As at the Hofermühle location, various methods are used to explore superficial dynamics at the Salcher location. The own meteorological station provides information about meteorological parameters. A permanently installed laser scanner has been recording the active area with a daily scan since 2015 - such a high-resolution data series is a novelty in the area of landslide monitoring. In addition, measurements (GPS and total station) and mapping were carried out at the site on a regular basis. The site was also used as a test area for the use of wireless sensor networks in the area of slow landslide research.
A meteorological station (figure) has been in operation on site since October 2015 and records temperature [° C], humidity [%], radiation [W / m²], wind speed [m / s] and precipitation [mm] (figure 21) . The data is recorded with a measurement interval of 5 minutes, transferred to the server in Vienna and can be called up on the homepage in Monitoring.
Figure 21: Meteorological station and measuring devices at the Salcher site. © Photographs see individual note.
Terrestrial Laser Scanning (TLS) und permanent TLS
TLS recordings were occasionally carried out on the Salcher landslide, which can be used together with other available data sets (e.g. TLS from the GBA from 2007, ALS data from the State of Lower Austria from 2009) for time series analyzes and difference models. Difference models enable the quantification of movements and thus the indication of rates (how much material has moved when or how quickly from where to where) as well as generally for describing and defining the process itself. Figure 22 shows such a difference model as an example for the period 2009 until 2014. The areas of erosion (blue) and accumulation (red) are clearly visible. The former are clearly recognizable in the terrain as steps and torn edges, the latter form a bulge made of pushed-on material at the foot of the slope.
Figure 22: left) Delimitation of the area used for the calculation of a difference model on the Salcher landslide; right) Difference model for the period 2009 to 2014. (Data sets and sources used to create the graph: DEM (1m) 2009: provided by the state of Lower Austria; TLS data 2014-12-02: property of the University of Vienna). Graphics: Stumvoll M.J 2020, modified from Stumvoll & Glade 2019.
In addition, a permanently installed terrestrial laser scanner is attached to the site, which records a daily high-resolution scan of the active landslide area (pTLS). This is a novelty in the field of monitoring gravitational mass movements. There are few comparative locations where such data exist over such a long period (2015 - ongoing) and with this temporal resolution (daily). Figure 23 shows the detection area of the laser scanner on the left, on the right the seasonal course of the vegetation cover for 2019 via RGB information that is recorded at the same time as the pTLS data.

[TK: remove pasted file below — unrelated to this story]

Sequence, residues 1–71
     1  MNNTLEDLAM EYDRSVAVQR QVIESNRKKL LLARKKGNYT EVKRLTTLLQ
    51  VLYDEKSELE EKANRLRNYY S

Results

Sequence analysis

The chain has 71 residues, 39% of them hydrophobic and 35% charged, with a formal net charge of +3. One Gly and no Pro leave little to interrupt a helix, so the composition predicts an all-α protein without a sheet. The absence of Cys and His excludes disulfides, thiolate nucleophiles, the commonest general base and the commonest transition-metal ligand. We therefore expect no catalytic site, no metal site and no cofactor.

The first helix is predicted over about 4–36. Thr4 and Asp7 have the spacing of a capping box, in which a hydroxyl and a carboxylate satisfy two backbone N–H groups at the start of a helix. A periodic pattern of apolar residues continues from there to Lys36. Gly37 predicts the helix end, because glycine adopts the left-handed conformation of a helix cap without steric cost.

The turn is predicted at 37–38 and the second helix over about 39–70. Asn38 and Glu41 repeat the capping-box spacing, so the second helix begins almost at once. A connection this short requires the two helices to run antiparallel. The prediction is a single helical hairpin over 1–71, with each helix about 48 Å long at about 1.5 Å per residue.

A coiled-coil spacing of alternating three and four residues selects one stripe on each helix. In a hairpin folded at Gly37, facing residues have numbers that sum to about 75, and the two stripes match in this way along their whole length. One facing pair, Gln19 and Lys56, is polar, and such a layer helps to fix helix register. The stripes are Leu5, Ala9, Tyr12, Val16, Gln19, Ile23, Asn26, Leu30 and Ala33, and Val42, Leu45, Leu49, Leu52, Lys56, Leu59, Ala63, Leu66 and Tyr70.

Figure 23: left) Symbolized detection area of the pTLS on the Salcher landslide (colored white); right) RGB information from the pTLS at Salcher January - October 2019 (DEM (1m) 2009 and orthophoto 2011: provided by the state of Lower Austria; TLS data 2014 and RGB information pTLS 2019: property of the University of Vienna). Graphics / gif: Stumvoll M.J. 2019.
The potential of such temporally and spatially high-resolution laser scan data has been or is being researched by the University of Heidelberg as part of the 4DEMON (4D Near Real-Time Environmental Monitoring) project, with the Salcher slope being one of the study sites involved.
Wireless Sensor Network (completed)
From 2015 to 2019, five so-called sensor nodes were in operation on the Salcher landslide, operating together in a network and registering the smallest changes on the surface (Figure 24).
For the period from 05.2015 - 06.2017, the data were examined for their movement values as well as with regard to so-called "extreme events". Figure 24 c shows the average movement values (the change in the weekly average over time) as an example for the azimuth angle direction of all 5 sensors on the slide. Movements were recorded, and these were also greater in the azimuth direction than in dip and tilt (not shown). The azimuth corresponds to a downhill movement.
Figure 24: a) WSN sensor node ID1 on the Salcher slide, installed on the foundation of a former ski lift support; b) Schematic location of the WSN on the landslide (sensor ID). The coordinate system shows the direction of acceleration of the sensors based on the calculated angles (dip, tilt, azimuth); c) Average movement values (temporal change of the weekly average) of the WSN at the Salcher landslide using the example of the azimuth movement angle in the period 05.2015 - 06.2017; for comparison, the daily precipitation (accumulated) for 2015 and 2016 is also shown. (© Photo see individual note; data sets and sources used to create the graphic: DEM (1m) 2009 and Orthophoto 2011: provided by the state of Lower Austria; TLS data 2014-12-02: property of the University of Vienna; calculations WSN data: Dr. Katalin Gillemot). Graphics: Stumvoll M.J 2020, modified from Stumvoll & Glade 2019.
GNSS- und Total Station measurements
Precisely at the beginning of the monitoring program, high-precision GNSS and total station measurements were carried out (manually, approx. Monthly). In this way, individual structures were recorded selectively and linearly in order to be able to determine possible surface movements over time (Figure 25).
Figure 25: Results of the total station measurements on the Salcher landslide for various time periods in the years 2007 to 2015; were measured i.a. the covers of the inclinometers, the foundation of the former ski lift support and the measurement posts of the state of Lower Austria. (Data sets and sources used to create the graph: DEM (1m) 2009: made available by the state of Lower Austria). Graphic taken from Stumvoll et al. 2019, changed.